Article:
When really you look at his history (Riverside, Landmark, and Milestone). . .and I told him the other day, ‘It’s a good thing I didn’t know who you were when we started working together or else I would have been paralyzed.’ [laughing]. There’s security and fear knowing he’s literally a legend. His legend is one of direction and production, and facilitating environments for all these guys to make their music in. He’s not the kind of producer who comes in and suggests keys or key changes or anything like that. Musicians do what they do and he helps them craft their thing. Which is also why there are a couple of Cannonball Adderley records, for example, saying "Produced by Orrin Keepnews in association with Cannonball Adderley." For someone especially at the time in a position of production was not, you don’t let the inmates run the asylum. Orrin was the exception. JazzReview
: As we completed the interview, I asked Dave how he feels about the different progressions an artist takes in "discovering" the music. Dave had this to say about his current efforts: Dave Ellis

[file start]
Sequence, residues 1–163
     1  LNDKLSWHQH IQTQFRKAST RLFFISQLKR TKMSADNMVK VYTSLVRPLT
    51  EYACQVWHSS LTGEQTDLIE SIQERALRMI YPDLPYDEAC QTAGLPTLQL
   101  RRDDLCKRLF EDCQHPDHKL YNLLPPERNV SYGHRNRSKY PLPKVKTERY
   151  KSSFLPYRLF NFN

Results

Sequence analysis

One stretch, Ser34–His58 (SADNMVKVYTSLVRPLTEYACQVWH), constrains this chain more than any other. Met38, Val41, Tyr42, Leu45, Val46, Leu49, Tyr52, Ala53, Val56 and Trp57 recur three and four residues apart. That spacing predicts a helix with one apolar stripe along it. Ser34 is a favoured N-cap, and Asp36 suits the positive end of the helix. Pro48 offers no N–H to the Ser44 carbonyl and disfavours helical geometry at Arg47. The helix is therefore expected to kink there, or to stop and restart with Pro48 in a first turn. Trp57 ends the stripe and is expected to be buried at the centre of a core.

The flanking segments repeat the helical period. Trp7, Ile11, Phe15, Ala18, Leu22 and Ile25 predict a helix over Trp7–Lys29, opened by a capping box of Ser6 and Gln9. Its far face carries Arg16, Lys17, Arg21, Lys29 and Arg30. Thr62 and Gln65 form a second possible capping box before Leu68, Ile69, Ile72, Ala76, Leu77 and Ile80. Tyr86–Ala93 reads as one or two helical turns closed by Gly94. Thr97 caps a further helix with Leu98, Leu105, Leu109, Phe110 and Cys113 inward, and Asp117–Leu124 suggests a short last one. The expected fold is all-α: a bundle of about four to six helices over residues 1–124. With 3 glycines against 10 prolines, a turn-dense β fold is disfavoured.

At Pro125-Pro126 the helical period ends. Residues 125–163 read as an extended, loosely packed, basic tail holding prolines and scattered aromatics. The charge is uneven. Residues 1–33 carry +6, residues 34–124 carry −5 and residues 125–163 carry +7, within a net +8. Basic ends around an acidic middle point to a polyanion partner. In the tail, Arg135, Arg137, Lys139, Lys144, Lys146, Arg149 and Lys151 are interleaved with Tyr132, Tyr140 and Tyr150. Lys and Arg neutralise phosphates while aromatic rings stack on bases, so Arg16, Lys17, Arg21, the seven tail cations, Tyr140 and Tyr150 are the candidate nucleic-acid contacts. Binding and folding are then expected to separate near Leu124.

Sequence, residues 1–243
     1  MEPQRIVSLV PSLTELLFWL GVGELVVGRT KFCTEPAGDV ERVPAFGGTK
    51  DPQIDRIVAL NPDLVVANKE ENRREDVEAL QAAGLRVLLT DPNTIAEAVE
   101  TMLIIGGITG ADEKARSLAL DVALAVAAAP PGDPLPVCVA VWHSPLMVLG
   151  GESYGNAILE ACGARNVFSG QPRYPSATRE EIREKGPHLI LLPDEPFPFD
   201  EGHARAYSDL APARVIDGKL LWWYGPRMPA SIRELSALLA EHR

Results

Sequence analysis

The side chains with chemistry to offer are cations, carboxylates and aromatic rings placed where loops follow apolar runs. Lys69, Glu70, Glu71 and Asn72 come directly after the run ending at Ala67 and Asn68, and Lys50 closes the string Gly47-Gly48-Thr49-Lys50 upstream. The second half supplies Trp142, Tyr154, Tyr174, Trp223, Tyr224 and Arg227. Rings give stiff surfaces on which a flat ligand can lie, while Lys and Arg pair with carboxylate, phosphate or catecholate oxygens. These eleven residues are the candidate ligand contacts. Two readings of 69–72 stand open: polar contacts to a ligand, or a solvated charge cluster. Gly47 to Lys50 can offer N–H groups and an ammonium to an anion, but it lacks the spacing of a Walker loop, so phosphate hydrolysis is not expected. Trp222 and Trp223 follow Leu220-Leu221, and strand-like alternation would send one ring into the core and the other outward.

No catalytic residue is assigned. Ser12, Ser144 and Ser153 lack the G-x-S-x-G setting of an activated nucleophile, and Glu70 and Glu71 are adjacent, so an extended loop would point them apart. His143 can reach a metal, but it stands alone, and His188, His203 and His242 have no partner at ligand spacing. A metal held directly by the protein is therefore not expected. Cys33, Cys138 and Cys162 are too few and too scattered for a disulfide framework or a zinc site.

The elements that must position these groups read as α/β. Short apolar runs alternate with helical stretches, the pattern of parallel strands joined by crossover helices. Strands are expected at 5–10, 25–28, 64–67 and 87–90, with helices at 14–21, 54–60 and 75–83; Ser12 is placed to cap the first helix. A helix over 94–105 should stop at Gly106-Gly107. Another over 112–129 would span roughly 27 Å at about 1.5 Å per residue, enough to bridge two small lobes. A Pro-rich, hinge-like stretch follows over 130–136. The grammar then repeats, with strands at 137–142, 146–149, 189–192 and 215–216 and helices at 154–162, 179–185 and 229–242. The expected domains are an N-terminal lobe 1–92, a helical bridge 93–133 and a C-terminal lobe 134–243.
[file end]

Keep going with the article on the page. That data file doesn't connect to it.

: There’s so much music that I would like to do. It’s hard to know where to begin [laughing]. I’ve been a jazz player and jazz fan and as a kid, I had an image of doing just this-playing with the top level cats in New York City, within the studio with an excellent producer, for a major label like Milestone, you know. And this record IS a "milestone," for me. It gives me a platform from which I feel like I can dive in a number of different directions, which simply would not have been possible really without getting to this point-without doing the work and paying the dues to get here.
I feel as though I’m preparing for something coming up. I feel like I do have a role to play and also some responsibility now, having the opportunity to be mentored by Orrin. I have a responsibility to jazz music in particular, and I really want to honor that, but I don’t want to be unprepared. JazzReview
: As Dave says, "Right now I’m focused on what Dave Ellis’ thing
is going to be, and what the next opportunity will be." He’s preparing for this next opportunity, ready to record when the time comes. He’s also interested in working on the sounds that have, as he says, ‘laid dormant for a few years.’ Getting the right group of artists together will be one of the keys to this forward direction. Another will be the steady mentorship of Orrin Keepnews. With the success of State of Mind
, one can look forward to the future of jazz.